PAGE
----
What is servant leadership?  This concept confuses us because these two words don't seem to go together.  When most people hear the word leadership they think of things like power, position, influence, visibility, and platform -- all essential for leaders to be effective.  Yet true leadership has another side, a relational, intimate, and often confrontational side that ultimately makes or breaks every leader in the world.  This is the servant side of leadership.  Leaders can climb to great heights while lacking this dimension, but no leader will stay at great heights without it.  Eventually, all leaders collapse in a great Humpty-Dumpty fall without this relational and caring dimension of servant leadership.  As pastors we lead by serving or we don't lead at all.

Servant leadership demands character to go with our competence and maturity to go with the greatness of our mission.  People measure our character and maturity by how we relate more than by what we accomplish.  Relationships tell what we're made of.  As pastors, we must have the unique traits of appropriate intimacy combined with authority.  Our relationships have to be born out of a Christ-like commitment to lead those who follow us by serving them.  To gain intimacy and authority we must belong to the Order of the Towel, which Jesus instituted in John 13:1-17.  This Order consists of leaders, both men and women, who are vulnerable and humble through dependence on Christ so He can use them to sanctify others in the leadership development process.  We serve others when we lead them into a closeness with God they would never experience any other way, a closeness that results in their sancitification and releases them to minister with unparalleled power.

Sanctification is more essential for leadership than accomplishment.  As servant leaders, we must both be sanctified and the instruments of sanctification in our followers' lives.

We are effective servant leaders when our followers are increasingly holier under our leadership than they could have been without us.  In ourselves we cannot sanctify anyone, but Christ can use us to call others to holiness and cleansing, and this is our responsibility under Him.  We grow in sanctification as we enter into the difficult relationships that call us to be Christ's cleansing agents in the lives of resistant followers.  Such tense moments also force us to turn to Christ for our own cleansing and to depend on Him to confront others.  We grow as leaders through these difficult times, and this is what qualifies us to serve as servant leaders.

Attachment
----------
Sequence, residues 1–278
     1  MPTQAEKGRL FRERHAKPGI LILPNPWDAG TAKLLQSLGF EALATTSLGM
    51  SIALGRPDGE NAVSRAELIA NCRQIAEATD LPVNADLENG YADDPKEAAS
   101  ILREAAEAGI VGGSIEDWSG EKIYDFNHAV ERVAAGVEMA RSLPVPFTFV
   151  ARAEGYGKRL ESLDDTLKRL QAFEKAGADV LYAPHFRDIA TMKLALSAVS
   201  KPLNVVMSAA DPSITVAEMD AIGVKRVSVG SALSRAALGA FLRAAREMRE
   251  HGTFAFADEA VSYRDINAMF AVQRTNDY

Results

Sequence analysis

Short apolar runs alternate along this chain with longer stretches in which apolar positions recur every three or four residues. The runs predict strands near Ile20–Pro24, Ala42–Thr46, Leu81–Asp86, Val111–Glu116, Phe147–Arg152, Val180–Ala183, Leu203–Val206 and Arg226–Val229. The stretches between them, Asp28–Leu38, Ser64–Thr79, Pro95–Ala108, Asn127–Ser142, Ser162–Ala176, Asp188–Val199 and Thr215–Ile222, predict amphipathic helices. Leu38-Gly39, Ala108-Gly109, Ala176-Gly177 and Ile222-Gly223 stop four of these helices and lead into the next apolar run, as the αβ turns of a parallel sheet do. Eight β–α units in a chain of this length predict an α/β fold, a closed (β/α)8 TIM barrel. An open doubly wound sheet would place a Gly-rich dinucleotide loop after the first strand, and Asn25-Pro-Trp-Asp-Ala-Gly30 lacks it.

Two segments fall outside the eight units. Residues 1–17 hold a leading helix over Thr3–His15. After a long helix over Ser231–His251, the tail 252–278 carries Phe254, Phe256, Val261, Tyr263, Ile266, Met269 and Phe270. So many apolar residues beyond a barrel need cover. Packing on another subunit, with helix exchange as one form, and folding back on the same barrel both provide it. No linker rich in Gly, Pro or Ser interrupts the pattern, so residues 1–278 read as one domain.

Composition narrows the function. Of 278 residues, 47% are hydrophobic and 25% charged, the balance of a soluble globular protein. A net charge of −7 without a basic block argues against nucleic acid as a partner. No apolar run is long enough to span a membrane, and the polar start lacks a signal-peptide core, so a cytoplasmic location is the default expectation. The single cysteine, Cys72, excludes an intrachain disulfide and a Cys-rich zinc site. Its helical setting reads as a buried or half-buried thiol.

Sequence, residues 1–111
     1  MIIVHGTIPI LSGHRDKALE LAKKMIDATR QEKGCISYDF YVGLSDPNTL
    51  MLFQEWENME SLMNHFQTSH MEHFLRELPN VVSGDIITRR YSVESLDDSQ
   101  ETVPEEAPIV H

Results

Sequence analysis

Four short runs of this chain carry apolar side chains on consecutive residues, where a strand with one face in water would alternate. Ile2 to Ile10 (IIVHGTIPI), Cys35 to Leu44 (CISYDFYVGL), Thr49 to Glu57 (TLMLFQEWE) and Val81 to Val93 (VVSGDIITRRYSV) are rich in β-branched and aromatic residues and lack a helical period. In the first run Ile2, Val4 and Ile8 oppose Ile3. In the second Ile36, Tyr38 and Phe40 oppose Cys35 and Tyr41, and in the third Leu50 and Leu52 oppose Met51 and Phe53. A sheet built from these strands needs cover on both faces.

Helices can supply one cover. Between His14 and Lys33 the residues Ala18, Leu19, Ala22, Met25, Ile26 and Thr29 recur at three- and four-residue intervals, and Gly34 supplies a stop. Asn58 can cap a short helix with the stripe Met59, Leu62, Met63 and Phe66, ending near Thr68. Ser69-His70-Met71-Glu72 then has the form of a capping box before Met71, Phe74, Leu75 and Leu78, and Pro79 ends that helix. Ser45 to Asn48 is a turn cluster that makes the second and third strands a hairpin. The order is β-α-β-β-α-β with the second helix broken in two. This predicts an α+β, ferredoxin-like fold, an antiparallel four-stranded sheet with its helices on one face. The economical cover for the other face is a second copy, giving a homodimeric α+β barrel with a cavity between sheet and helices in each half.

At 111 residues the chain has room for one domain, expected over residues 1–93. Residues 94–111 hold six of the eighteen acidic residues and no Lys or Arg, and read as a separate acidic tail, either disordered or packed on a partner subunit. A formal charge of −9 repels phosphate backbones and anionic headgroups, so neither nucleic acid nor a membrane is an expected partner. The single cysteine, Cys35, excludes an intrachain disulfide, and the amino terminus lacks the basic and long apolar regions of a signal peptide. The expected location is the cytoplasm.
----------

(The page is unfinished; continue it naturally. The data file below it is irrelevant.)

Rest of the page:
". . . Jesus knew the time had come for Him to leave this world and go to the Father.  Having loved His own who were in the world, He now showed them the full extent of His love" (John 13:1).  He loved His men to the uttermost of His being and His life.  Jesus had waited for this hour when He would face shame, suffering, and sorrowand be glorified.  He knew He would be arrested, scourged, condemned, and crucified, yet He loved -- utterly, totally, absolutely.  The Creator of the universe became the servant of His creatures because He loved them so greatly.  Everything that happens from this point on in the book happens because Jesus loved.  Even when He knew His men would deny and desert Him, He still loved them.

Leaders who belong to the Order of the Towel love in the same way because Christ loves through them.  Though none of us will face an hour comparable to Christ's, all of us know we have limited time, so we must focus on loving and leading as Christ does.  The ultimate measure of our ministry will be to love as Christ loved.  The Doug Johnsons (fictitious name) of our world challenge this ideal because their resistant attitudes, their power plays, and their efforts to take over raise massive challenges to our love.  After all, it's not only our careers that are at stake when a driven elder decides he can do a better job than we.  Our wives also are at stake, the health and stability of our families are at stake, all that we have dreamed of and worked to achieve could be gone if we allow the Doug Johnsons to have their way.  We are too threatened to love them because we don't feel safe with them.  Where can we find the security we need to love a Doug Johnson?